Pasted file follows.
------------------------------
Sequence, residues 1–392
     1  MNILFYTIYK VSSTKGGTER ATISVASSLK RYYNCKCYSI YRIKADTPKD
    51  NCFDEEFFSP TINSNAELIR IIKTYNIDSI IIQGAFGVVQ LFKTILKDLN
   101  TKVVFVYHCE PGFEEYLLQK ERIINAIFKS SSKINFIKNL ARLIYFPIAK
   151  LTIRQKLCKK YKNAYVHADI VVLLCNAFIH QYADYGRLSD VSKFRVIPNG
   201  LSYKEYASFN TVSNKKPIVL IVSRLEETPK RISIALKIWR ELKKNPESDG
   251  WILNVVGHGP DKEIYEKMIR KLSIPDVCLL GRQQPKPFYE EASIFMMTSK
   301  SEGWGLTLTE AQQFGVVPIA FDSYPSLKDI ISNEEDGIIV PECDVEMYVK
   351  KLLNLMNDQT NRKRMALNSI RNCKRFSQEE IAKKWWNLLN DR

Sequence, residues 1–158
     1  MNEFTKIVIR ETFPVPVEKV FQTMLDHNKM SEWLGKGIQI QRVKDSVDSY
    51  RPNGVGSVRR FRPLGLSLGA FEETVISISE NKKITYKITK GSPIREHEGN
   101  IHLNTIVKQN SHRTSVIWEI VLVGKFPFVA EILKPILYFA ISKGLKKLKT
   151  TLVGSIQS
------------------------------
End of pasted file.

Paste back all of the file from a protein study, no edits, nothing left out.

Sequence, residues 1–392
     1  MNILFYTIYK VSSTKGGTER ATISVASSLK RYYNCKCYSI YRIKADTPKD
    51  NCFDEEFFSP TINSNAELIR IIKTYNIDSI IIQGAFGVVQ LFKTILKDLN
   101  TKVVFVYHCE PGFEEYLLQK ERIINAIFKS SSKINFIKNL ARLIYFPIAK
   151  LTIRQKLCKK YKNAYVHADI VVLLCNAFIH QYADYGRLSD VSKFRVIPNG
   201  LSYKEYASFN TVSNKKPIVL IVSRLEETPK RISIALKIWR ELKKNPESDG
   251  WILNVVGHGP DKEIYEKMIR KLSIPDVCLL GRQQPKPFYE EASIFMMTSK
   301  SEGWGLTLTE AQQFGVVPIA FDSYPSLKDI ISNEEDGIIV PECDVEMYVK
   351  KLLNLMNDQT NRKRMALNSI RNCKRFSQEE IAKKWWNLLN DR

Sequence, residues 1–158
     1  MNEFTKIVIR ETFPVPVEKV FQTMLDHNKM SEWLGKGIQI QRVKDSVDSY
    51  RPNGVGSVRR FRPLGLSLGA FEETVISISE NKKITYKITK GSPIREHEGN
   101  IHLNTIVKQN SHRTSVIWEI VLVGKFPFVA EILKPILYFA ISKGLKKLKT
   151  TLVGSIQS